My name is Loune Viaud and I work in Haiti with Zanmi Lasante for the right to health.

One morning in November 2002, I met Monika Kalra Varma, from the RFK Memorial Center. I made her toast to a long-time commitment to Haiti. Little did she know it was going to be that serious.

Later on, I asked her to look into the reasons behind the blocking of the loan to a life-saving water project in Port-de-Paix. Little did I know it would take us six years to produce this painful report on what we found about this project.

This study was very difficult to do. First of all, none of us had any idea it would take that long and would be that devastating.

I wanted to launch the report in Haiti, in Port-de-Paix to be exact. But, given the political situation after Prime Minister Alexis was force to resign, we thought it was better not to wait for a new government. So we are releasing the report here [in New York City] with the hope of having another launch in Haiti, in the near future.

Why a study on access to water? The right to water? I bet most of the people in this city do not think about this as a right. It is taken for granted every day, several times a day. One needs water to drink, for sanitation, for hygiene, cooking, etc.  Just imagine one day without water, here in New York City. It would be a disaster – in the news around the world. It would be outrageous.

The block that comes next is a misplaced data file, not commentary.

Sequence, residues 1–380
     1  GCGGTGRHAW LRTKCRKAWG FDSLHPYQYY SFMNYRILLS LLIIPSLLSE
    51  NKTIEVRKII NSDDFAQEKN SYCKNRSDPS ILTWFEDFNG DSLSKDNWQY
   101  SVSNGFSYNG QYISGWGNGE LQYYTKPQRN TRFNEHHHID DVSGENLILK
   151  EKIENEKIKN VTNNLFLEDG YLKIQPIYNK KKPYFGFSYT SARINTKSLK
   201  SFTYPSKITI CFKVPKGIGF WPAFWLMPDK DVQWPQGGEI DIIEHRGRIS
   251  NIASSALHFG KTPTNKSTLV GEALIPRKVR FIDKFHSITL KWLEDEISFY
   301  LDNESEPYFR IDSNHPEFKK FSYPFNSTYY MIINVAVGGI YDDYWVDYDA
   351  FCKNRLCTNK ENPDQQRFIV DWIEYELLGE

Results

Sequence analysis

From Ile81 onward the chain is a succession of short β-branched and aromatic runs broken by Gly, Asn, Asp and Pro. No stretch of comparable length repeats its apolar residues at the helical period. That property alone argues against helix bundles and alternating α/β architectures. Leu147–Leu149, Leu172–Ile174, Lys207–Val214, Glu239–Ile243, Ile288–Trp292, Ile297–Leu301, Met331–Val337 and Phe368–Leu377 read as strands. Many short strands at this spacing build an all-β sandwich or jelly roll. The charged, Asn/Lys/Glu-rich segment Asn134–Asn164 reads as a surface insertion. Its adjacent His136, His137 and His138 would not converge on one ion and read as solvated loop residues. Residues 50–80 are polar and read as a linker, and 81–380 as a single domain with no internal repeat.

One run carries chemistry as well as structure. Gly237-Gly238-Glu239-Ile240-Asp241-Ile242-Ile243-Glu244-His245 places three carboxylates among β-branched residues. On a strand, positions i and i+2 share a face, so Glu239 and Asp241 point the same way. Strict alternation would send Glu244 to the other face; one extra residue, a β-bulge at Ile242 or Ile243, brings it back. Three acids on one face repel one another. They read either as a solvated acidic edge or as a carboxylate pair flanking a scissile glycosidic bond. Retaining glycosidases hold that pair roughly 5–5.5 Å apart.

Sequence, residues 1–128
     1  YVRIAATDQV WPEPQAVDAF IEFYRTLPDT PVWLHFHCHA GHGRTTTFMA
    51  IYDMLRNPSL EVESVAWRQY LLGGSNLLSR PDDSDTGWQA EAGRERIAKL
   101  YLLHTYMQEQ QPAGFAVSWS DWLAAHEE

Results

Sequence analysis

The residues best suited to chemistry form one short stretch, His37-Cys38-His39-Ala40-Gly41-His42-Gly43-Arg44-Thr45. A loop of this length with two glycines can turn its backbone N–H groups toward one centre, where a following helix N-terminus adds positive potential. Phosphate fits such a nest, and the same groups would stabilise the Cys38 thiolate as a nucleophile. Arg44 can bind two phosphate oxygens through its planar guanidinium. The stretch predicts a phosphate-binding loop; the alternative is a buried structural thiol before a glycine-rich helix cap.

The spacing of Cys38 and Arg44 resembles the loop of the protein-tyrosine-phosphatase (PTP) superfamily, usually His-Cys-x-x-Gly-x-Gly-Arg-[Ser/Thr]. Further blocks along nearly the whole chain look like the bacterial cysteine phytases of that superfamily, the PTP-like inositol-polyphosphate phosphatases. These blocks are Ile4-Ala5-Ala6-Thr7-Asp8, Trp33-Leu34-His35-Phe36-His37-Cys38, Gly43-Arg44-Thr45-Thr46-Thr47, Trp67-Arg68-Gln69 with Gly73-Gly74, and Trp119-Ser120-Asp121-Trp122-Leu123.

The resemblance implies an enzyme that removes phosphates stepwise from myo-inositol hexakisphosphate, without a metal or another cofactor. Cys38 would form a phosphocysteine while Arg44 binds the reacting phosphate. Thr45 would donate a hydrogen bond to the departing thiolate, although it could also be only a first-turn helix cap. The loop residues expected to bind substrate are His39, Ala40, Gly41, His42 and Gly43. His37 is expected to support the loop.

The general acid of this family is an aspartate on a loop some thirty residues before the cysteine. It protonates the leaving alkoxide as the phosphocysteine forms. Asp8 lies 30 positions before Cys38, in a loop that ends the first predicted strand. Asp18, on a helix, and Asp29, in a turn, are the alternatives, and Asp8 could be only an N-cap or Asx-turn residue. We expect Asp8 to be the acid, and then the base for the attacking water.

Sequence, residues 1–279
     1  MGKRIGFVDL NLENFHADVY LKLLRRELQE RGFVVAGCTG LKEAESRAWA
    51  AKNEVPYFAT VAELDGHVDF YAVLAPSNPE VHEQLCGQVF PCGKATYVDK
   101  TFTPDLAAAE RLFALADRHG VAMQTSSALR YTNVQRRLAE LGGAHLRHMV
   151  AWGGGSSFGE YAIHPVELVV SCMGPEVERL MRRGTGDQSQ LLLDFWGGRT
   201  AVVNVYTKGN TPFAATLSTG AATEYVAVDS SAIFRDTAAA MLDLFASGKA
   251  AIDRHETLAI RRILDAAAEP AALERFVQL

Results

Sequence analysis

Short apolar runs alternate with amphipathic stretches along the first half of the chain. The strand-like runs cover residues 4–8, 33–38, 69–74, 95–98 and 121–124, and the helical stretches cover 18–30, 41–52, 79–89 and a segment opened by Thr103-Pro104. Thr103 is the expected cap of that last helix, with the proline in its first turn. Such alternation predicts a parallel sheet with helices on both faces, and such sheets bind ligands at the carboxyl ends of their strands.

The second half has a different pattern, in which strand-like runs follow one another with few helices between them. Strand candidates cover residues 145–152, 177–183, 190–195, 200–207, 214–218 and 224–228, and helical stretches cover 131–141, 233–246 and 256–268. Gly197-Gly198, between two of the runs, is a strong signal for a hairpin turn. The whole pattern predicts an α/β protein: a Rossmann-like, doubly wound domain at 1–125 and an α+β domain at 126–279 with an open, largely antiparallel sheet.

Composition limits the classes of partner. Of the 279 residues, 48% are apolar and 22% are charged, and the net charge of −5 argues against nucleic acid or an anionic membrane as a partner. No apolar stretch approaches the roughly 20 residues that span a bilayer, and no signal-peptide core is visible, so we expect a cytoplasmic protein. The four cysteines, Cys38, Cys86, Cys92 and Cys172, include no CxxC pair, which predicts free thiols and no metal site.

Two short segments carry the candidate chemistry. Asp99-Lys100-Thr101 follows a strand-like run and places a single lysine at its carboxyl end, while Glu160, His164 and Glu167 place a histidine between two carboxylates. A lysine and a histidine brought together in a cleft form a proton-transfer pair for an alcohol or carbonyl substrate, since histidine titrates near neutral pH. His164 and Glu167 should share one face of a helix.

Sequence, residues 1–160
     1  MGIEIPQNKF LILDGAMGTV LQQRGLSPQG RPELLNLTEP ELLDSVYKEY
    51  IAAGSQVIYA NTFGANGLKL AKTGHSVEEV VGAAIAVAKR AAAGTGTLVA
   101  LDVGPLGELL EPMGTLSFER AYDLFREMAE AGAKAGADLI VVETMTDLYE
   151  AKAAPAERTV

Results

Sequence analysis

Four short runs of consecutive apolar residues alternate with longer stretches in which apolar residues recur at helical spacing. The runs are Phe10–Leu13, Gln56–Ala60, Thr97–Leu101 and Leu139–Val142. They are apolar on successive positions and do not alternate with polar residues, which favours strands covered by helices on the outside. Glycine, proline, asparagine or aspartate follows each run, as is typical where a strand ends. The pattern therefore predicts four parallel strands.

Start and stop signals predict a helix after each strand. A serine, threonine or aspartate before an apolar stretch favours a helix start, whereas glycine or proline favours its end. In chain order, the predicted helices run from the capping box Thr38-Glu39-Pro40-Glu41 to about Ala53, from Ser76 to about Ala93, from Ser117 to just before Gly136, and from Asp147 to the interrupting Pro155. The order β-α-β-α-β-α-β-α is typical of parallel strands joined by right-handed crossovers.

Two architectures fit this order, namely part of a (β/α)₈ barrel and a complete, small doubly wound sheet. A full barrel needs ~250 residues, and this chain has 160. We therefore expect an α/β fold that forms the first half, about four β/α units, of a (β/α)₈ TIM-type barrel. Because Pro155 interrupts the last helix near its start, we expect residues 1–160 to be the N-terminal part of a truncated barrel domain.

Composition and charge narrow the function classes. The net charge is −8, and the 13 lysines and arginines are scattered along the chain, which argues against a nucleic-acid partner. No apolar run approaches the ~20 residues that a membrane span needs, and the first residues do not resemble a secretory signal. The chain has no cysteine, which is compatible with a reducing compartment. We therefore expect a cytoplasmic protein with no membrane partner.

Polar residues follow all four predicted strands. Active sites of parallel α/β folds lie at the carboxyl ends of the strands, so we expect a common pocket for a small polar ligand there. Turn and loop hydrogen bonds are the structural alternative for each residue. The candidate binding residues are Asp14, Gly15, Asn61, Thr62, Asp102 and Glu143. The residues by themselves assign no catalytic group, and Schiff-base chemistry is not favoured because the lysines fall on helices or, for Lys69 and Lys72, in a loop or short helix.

Because people go without water in Haiti, we said, why not prepare a report on the IDB [Inter-American Development Bank] and the water project in Port-de-Paix?

It is not because we are against the IDB or the international community; it is not because we have nothing better to do; it is not because we're very angry people and want to take on the US government.

Believe me, I wish I did not have to worry about access to health, to water, to food, to housing, to education: to human rights.

It is because that is what we stand for. We have to stand up for what's right. What is right is for the IDB and the international community to stop playing with the lives of innocent people.

It is because we want the IDB and the international community to make it right. For too long the rights of the Haitian people have been compromised. It is time we take action.

If not us, then who? We did this study and prepared this report to prevent it from ever happening again.

We can't afford not to care. When you and I are not watching, bad things happen to innocent people.

Thank you for your attention and your solidarity.

[published June 2008]